Gamma and Zeta

6 minute read

Maintaining momentum in writing and self-learning has admittedly been difficult these past few weeks since I’ve started my internship. Normally, I would write one post approximately every four days, but this routine is no longer the norm. To my defense, I’ve been learning a ton about Django and backend operations like querying and routing, and I might write a post about these in the future.

But for today, I decided to revisit a topic we’ve previously explored on this blog, partially in the hopes of using nostalgia as positive energy in restarting my internal momentum. I must also note that I meant to write this post for a very long time after watching this video by blackpenredpen whose videos have been a source of mathematical learning and inspiration for me.

Let’s talk about the Gamma and Zeta functions.

The Greek Letters

Before we begin the derivation, perhaps it’s a good idea to review what the two greek letter functions are.

Gamma (and Pi)

The Gamma function is written as

\[\Gamma(x) = \int_0^\infty t^{x - 1} e^{- t} \, dt \tag{1}\]

And we all know that the Gamma function can be seen as an interpolation of the factorial function, since for non-negative integers, the following relationship stands:

\[\Gamma(x) = (x - 1)! \tag{2}\]

Note that there is also a variant of the Gamma function, known as the Pi function, which has somewhat of a nicer form:

\[\Pi(x) = \int_0^\infty t^x e^t \, dt = x! \tag{3}\]

To the mathematically uninformed self, the Pi function seems a lot more tractable and intuitive. Nonetheless, the prevailing function is Euler’s Gamma function instead of Gauss’s Pi function. The reasons for Gamma’s dominance over Pi is discussed extensively in this math overflow thread. At any rate, it’s both interesting and yet also unsurprising to see that these two functions are brainchildren of Gauss and Euler, two names that arguably appear the most in the world of math.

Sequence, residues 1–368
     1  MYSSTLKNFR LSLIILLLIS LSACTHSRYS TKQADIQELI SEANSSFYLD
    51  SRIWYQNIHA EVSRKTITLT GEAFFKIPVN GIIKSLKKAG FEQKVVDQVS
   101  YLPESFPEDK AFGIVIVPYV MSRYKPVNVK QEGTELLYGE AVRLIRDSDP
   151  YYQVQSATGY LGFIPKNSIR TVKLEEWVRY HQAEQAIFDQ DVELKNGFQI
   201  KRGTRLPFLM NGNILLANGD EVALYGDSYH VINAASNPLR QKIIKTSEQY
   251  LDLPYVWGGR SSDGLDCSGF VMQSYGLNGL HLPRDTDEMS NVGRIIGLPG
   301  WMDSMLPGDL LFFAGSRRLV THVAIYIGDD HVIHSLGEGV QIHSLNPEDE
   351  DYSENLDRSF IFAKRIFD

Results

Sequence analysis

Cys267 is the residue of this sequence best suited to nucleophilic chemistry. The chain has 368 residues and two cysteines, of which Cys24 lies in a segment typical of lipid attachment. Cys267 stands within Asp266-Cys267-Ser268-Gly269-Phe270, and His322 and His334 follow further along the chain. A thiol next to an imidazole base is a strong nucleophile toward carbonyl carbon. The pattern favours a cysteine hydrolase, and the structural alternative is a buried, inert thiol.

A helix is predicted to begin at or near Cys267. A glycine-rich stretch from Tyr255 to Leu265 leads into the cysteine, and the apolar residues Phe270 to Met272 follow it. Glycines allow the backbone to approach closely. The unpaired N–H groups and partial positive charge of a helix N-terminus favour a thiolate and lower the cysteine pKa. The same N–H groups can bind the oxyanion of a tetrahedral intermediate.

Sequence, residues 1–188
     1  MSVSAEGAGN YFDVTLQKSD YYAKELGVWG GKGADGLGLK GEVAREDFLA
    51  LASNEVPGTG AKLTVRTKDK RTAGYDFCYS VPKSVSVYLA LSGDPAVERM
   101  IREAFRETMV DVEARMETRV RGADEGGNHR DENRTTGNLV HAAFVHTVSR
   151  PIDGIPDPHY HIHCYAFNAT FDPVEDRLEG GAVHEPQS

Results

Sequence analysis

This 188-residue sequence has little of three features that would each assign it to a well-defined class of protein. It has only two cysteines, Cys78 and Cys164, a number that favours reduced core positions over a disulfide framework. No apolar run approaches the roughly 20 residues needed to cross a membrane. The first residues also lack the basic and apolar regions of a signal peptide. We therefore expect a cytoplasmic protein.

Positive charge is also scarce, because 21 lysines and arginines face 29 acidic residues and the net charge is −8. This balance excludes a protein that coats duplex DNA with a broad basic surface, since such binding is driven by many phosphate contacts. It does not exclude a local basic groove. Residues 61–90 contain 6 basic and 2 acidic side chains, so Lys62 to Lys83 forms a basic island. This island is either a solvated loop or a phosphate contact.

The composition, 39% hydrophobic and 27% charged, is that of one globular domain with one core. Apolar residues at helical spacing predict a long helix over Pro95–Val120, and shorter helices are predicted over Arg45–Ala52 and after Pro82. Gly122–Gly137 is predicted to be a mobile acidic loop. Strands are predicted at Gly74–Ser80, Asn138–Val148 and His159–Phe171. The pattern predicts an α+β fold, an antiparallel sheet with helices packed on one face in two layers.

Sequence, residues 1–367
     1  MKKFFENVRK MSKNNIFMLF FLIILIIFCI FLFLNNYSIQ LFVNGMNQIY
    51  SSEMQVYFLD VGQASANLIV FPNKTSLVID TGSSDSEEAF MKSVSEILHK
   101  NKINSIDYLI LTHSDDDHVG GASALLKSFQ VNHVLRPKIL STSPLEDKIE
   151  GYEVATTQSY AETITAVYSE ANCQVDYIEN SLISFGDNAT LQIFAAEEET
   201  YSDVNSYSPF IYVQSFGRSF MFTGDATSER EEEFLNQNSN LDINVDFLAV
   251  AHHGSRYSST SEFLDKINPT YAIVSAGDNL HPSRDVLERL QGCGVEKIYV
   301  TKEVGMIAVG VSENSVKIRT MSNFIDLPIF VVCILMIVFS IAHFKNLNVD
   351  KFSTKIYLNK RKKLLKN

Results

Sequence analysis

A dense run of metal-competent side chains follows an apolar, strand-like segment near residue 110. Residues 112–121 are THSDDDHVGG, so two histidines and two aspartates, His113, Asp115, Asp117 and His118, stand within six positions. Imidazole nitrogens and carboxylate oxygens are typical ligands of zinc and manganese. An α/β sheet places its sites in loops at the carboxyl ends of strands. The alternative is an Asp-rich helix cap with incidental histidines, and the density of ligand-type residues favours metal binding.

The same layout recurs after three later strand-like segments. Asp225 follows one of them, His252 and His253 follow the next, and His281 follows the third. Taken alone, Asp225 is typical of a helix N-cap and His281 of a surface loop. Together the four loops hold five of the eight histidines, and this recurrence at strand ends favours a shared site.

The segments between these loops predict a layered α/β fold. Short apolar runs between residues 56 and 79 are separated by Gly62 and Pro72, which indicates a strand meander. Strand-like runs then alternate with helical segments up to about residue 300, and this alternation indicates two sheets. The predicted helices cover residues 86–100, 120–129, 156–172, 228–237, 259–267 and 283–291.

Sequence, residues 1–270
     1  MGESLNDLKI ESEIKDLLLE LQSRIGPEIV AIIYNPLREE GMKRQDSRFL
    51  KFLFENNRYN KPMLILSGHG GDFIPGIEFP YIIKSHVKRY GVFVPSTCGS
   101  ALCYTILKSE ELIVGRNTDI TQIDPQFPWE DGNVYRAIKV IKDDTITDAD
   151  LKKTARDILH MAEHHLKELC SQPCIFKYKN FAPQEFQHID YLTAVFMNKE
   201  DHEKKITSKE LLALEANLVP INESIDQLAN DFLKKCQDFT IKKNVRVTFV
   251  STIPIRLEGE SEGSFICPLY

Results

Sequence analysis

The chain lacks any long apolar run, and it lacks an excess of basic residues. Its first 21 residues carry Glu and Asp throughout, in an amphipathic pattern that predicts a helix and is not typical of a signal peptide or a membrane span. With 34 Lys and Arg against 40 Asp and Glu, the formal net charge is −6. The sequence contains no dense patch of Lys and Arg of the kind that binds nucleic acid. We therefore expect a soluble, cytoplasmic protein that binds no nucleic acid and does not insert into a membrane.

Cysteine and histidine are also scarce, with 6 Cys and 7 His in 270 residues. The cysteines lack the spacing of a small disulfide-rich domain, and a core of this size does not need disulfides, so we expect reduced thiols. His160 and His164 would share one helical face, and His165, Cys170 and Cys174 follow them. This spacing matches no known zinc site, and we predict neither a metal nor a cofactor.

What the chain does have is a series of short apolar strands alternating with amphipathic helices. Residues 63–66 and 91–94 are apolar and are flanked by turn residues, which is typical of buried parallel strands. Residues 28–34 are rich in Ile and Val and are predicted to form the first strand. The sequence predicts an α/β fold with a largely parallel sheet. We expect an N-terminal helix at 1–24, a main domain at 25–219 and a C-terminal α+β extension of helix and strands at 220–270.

Riemann Zeta Function

The Riemann zeta function is perhaps one of the most famous functions in the world of analysis. It is also sometimes referred to as the Euler-Riemann zeta function, but at this point, prefixing something with “Euler” loses significance since just about everything in mathematics seems to have some Euler prefix in front of it.

The Riemann zeta function takes the following form:

\[\zeta(s) = \sum_{n = 1}^\infty \frac{1}{n^s} \tag{4}\]

But this definition, as simple and intuitive as it is, seems to erroneously suggest that the Riemann zeta function is only defined over non-negative integers. This is certainly not the case. In fact, the reason why the Riemann zeta function is so widely studied in mathematics is that its domain ranges over the complex number plane. While we won’t be discussing the complexity of the Riemann zeta function in this regard (no pun intended), it is nonetheless important to consider about how we might calculate, say, $\zeta(1.5)$. This is where the Gamma function comes in.


As hinted earlier, an alternative definition of the Riemann zeta function can be constructed using the Gamma function that takes the Riemann zeta beyond the obvious realm of integers and into the real domain.

We first start with a simple change of variables. Specifically, we can substitute $t$ for $nu$. This means that $dt = n \,du$, using which we can establish the following:

\[\begin{align} \Gamma(x) &= \int_0^\infty t^{x - 1} e^{- t} \, dt \\ &= \int_0^\infty (nu)^{x - 1} e^{- nu} n \, du \\ \end{align} \tag{5}\]

With some algebraic implications, we end up with

\[\begin{align} \Gamma(x) &= \int_0^\infty n^x u^{x - 1} e^{- nu} \, du \\ &= n^x \int_0^\infty u^{x - 1} e^{- nu} \, du \\ \end{align} \tag{6}\]

Dividing both sides by $n^x$, we get